Architecture of Adaptation
A guide to contemporary architecture practice in one of the most important fields today—the transformative adaptation of existing buildings. A manifesto and survey of contemporary practice by one of the leading offices in this domain, Deborah Berke Partners.
For over 30 years, Deborah Berke Partners has been a leader in transforming old buildings for new futures. Transform: The Architecture of Adaptation will explore and document the ecological and urban imperative to revive and adapt existing built fabric, and it will demonstrate innovative and timeless tools and methods for creating successful new architecture out of old structures and found conditions. The book will be illustrated primarily, but not exclusively, with projects by Deborah Berke Partners, including academic buildings, boutique hotels, and community and cultural centers. Essays by Deborah Berke, Noah Biklen, Arthi Krishnamoorthy, and Alan Brake introduce each chapter. It will also include contributions by critics, planners, and artists with a shared interest in creating a sustainable, equitable, and enriching urban environment. Contributors include artist Titus Kaphar, urban history scholar Karen Seto, environmenal design leaders Atelier Ten, and photographer Christopher Payne.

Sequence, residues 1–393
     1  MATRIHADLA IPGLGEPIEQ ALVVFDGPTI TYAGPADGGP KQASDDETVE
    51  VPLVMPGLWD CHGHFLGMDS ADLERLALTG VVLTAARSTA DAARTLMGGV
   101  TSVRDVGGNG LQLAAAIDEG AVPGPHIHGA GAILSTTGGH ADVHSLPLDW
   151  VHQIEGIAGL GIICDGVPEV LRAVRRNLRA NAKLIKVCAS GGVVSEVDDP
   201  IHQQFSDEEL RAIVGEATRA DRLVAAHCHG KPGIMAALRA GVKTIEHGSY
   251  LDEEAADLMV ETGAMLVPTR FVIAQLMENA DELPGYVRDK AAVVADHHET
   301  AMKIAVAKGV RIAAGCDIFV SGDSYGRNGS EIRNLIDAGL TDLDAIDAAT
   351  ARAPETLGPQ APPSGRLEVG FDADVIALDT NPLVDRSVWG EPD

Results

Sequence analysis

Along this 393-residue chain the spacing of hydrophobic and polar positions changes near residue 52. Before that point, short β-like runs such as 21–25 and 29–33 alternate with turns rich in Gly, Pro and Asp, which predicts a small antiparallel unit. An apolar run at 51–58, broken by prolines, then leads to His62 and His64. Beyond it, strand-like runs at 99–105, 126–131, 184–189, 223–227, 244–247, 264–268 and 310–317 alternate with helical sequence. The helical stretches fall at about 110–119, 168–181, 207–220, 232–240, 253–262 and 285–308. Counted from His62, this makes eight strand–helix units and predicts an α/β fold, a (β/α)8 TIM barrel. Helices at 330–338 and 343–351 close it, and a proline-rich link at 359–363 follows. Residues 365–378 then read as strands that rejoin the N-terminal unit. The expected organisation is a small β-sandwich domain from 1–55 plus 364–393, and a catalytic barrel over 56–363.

The term “adaptive reuse” is bland and imprecise. It implies a lack of rigor, as if old buildings were discarded objects that can easily be repurposed, like a turning an old milk crate into a bookshelf. Buildings—good ones, bad ones, whether designed by a famous architect, or without an author—are complex things, with histories, with impacts on their surroundings, with relations to people and places. They do not all deserve to be saved, but many do. Sometimes an unremarkable building can be transformed into something better than it ever was. Even good buildings by noted architects can be improved upon, especially if their use has changed or if their context has been significantly altered.
In much of the country, particularly small to mid-sized, post-industrial cities, opportunities abound for the creative reuse of existing buildings. Deborah Berke Partners approaches these buildings—old warehouses, office buildings, even a historic sanatorium designed by H. H. Richardson—as material resources and as the foundation of sustainable urban redevelopment. These projects have impacts that extend far beyond their walls—this work is part of an urgent rethinking of American urbanism.
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